The film Hotel Rwanda -- released in 2004 but set to arrive in India [ Images ] this week -- is about a man called Paul Rusesabagina (played by Don Cheadle), who ran a hotel in Kigali, the Rwandan capital, that became a sanctuary for Tutsis and moderate Hutus fleeing the Rwandan genocide.
What is frightening is the relative ignorance surrounding that catastrophic event, considering it happened barely a decade ago, at a time when global communication systems were well in place. From rediff.com, a quick lesson in history.
What is the Rwandan Genocide?
It happened in 1994, over a period of 100 days, in the African state of Rwanda. An estimated 9,37,000 Tutsis and moderate Hutus were assassinated by Hutu extremists. The killings were brought to an end only when the Tutsi-dominated expatriate rebel movement -- known as the Rwandese Patriotic Front -- overthrew the Hutu government and seized power.
Why wasn't it talked about?
It was, actually, but global indifference at the time made it seem much smaller than it actually was. In fact, apart from the frighteningly large number of people killed, the genocide is famous because of the way the West reacted to it. First World countries had information about the killings before they began, and yet, even after coverage by the international media, no one intervened.
The United States, then led by President Bill Clinton [ Images ], was also well informed, but decided to stay out, fearing a political backlash similar to one after an earlier attempt to help Somalia. Shockingly, even the United Nations refused to authorise its peacekeeping operation to end the killings.
How did it all come about?
This is a fairly complicated story. Rwanda was, initially, controlled by a Tutsi royal family, with the Tutsi people comprising its upper class. There were Hutus among the nobility too, with no clashes among either tribe. After the First World War, Rwanda passed from the hands of the Germans (it had been given to them in 1890) to the Belgians. The latter changed the social strata, eliminating the Hutus from the nobility and making it an exclusive Tutsi class. Thanks to the Belgians, Tutsis were now privileged. For the next 20 years, they managed to get better education and better jobs than the Hutus. What the Belgians introduced was to haunt the country forever.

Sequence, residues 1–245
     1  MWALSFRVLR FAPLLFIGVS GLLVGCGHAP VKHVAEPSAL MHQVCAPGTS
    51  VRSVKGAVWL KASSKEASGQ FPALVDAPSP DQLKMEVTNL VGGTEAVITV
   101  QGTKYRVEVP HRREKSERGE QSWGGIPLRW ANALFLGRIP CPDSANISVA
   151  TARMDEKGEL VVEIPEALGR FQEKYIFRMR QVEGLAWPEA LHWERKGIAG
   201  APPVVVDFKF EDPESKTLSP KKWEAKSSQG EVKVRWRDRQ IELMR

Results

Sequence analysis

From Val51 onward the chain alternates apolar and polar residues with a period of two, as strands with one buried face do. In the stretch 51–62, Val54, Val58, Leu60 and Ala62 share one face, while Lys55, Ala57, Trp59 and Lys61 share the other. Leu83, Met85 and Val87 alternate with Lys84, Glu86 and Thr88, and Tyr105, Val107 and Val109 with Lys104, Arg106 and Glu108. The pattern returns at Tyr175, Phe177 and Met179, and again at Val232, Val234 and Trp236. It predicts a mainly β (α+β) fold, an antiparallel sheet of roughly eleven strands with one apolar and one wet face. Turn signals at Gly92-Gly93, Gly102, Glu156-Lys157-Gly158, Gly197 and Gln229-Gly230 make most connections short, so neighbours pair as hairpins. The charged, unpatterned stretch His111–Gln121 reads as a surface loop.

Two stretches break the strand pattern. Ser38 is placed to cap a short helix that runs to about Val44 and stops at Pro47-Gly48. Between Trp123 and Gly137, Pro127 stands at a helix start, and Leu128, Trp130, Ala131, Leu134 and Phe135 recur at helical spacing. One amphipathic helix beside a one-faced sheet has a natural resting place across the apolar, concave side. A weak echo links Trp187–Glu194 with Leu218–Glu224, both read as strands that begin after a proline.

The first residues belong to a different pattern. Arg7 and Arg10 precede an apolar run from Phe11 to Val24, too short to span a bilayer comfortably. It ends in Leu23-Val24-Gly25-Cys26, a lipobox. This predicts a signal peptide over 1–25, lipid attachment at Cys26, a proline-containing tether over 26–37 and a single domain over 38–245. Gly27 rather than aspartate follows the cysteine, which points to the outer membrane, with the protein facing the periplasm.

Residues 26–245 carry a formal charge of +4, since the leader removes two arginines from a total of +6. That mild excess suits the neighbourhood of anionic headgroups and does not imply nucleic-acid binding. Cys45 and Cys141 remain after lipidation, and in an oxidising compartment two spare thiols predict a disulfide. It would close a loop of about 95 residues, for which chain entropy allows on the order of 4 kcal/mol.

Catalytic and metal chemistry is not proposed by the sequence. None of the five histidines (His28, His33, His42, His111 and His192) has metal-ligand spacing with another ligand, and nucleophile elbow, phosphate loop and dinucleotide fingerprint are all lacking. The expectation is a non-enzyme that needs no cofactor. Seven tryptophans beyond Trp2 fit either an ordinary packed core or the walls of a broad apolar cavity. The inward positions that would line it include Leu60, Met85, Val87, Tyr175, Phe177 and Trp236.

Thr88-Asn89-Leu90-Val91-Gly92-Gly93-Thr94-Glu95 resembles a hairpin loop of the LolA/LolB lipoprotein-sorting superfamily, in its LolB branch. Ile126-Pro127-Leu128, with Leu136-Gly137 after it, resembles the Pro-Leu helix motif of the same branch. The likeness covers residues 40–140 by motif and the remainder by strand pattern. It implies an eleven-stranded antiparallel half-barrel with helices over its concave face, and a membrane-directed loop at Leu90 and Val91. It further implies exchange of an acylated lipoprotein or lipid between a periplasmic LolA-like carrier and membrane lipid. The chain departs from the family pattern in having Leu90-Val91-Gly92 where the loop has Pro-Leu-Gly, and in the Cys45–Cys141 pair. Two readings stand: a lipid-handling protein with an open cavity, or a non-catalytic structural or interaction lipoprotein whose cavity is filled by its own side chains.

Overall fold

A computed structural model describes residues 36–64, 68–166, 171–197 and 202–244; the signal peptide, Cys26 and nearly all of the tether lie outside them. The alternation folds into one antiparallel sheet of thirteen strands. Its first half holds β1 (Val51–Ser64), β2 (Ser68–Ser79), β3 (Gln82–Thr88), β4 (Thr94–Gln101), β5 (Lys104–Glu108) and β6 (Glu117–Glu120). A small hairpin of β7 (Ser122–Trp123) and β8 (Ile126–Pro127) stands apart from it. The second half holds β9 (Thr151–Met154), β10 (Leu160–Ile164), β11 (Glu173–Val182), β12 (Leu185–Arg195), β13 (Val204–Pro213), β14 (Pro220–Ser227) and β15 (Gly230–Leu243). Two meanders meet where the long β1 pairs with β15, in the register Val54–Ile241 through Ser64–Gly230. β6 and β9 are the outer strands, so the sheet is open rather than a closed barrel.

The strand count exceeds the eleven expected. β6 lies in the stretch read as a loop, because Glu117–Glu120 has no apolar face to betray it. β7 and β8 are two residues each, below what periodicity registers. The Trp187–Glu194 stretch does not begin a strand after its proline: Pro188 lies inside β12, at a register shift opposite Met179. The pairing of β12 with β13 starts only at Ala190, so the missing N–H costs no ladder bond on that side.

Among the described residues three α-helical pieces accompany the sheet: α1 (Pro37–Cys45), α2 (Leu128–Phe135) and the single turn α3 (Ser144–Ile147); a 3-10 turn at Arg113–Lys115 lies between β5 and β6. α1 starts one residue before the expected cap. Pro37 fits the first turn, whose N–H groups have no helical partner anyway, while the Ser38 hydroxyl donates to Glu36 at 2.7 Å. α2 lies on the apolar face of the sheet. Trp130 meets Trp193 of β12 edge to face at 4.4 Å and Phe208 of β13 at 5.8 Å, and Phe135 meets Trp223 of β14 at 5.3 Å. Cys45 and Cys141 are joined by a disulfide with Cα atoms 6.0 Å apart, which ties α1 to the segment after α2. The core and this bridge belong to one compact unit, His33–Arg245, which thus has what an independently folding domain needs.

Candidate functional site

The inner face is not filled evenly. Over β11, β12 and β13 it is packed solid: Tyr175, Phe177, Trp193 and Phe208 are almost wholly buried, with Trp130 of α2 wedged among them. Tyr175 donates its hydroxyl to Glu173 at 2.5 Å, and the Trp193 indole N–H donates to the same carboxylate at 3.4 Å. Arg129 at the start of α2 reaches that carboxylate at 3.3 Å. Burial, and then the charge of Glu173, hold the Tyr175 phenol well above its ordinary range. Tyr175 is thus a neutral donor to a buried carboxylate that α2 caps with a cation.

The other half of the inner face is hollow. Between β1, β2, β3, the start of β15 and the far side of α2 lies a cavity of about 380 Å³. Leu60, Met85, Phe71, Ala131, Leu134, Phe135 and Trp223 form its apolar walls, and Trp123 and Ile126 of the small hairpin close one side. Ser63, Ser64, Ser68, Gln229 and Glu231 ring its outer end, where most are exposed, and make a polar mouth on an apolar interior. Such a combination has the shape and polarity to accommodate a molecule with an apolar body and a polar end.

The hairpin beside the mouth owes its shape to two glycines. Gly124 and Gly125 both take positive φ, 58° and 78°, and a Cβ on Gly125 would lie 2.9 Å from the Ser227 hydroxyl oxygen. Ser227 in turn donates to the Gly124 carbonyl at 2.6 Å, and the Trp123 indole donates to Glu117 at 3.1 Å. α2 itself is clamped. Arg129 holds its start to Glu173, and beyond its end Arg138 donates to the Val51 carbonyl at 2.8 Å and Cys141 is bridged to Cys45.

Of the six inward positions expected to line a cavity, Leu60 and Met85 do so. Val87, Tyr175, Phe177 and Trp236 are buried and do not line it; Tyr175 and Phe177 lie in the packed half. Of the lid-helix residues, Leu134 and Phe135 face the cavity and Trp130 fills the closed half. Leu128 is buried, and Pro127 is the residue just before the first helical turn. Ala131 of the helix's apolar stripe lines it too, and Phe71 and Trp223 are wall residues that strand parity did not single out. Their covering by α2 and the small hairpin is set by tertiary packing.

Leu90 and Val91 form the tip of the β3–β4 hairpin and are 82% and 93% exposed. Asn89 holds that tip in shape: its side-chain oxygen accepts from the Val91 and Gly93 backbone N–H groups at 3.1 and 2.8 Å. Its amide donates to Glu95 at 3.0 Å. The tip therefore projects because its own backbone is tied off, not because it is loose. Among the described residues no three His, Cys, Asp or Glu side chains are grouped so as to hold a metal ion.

Following World War II, Rwanda moved towards independence. After elections in 1959, the nationalist Party of the Hutu Emancipation Movement -- better known as the PARMEHUTU -- came to power and began advancing the cause of the Hutu majority. The Tutsis were suddenly seen as feudal overlords. Over 20,000 of them were killed, and 200,000 fled to neighbouring countries. A one-party rule based on Hutu nationalism was established. Over the years, more and more Tutsis were killed, culminating in the genocide.
Why did it happen?
There are a number of theories that try and explain this. Some blame it on the kind of European ideas of race that led to the Holocaust in Germany [ Images ]. Others blame economics, and competition for the scarce but rich land. Still others believe it was a shift of power from Francophone to Anglophone that led to instability.
In 1985, the Tutsi Rwandese Patriotic Front was formed. By 1990, Tutsi diaspora in refugee camps had begun voicing protests about being forced out of what they considered their own country. Tensions mounted as Hutus prepared to react. There were radio and press campaigns referring to Tutsis as inhuman, with subtle hints at violence against them. Radical Hutu groups began amassing weapons. Interestingly, the killings were partly financed with money embezzled from international aid programs. An approximate $134 million was spent on preparation for the genocide, with $4.6 million spent on crude weapons alone.
On April 6, 1994, a jet carrying the Hutu Presidents of Rwanda and Burundi was shot down. Prime Minister Agathe Uwilingiyimana took control, but was assassinated a day later by the presidential guard. The killings had begun.
Was it an organised massacre?
It came across as one. Organised bands of militia known as the Interahamwe began rounding up and killing all the Tutsis they could capture. Roadblocks sprang up around the country. Even ordinary citizens were urged, on government-sponsored radio, to kill their neighbours. Those who refused to kill were often murdered themselves.
After it ended, there were intermittent acts of revenge against ethnic Hutus. Thousands fled into Congo. On May 17, 1994, the UN finally conceded that genocide may have occurred. Towards the end of 1996, as refugees began returning, the government began genocide trials. The UN set up the International Criminal Tribunal for Rwanda, currently based in Tanzania.
Today, Rwanda continues to struggle with a settlement. The good news is, on March 31 this year, the Democratic Forces for the Liberation of Rwanda finally condemned the genocide and announced they were ending their civil war.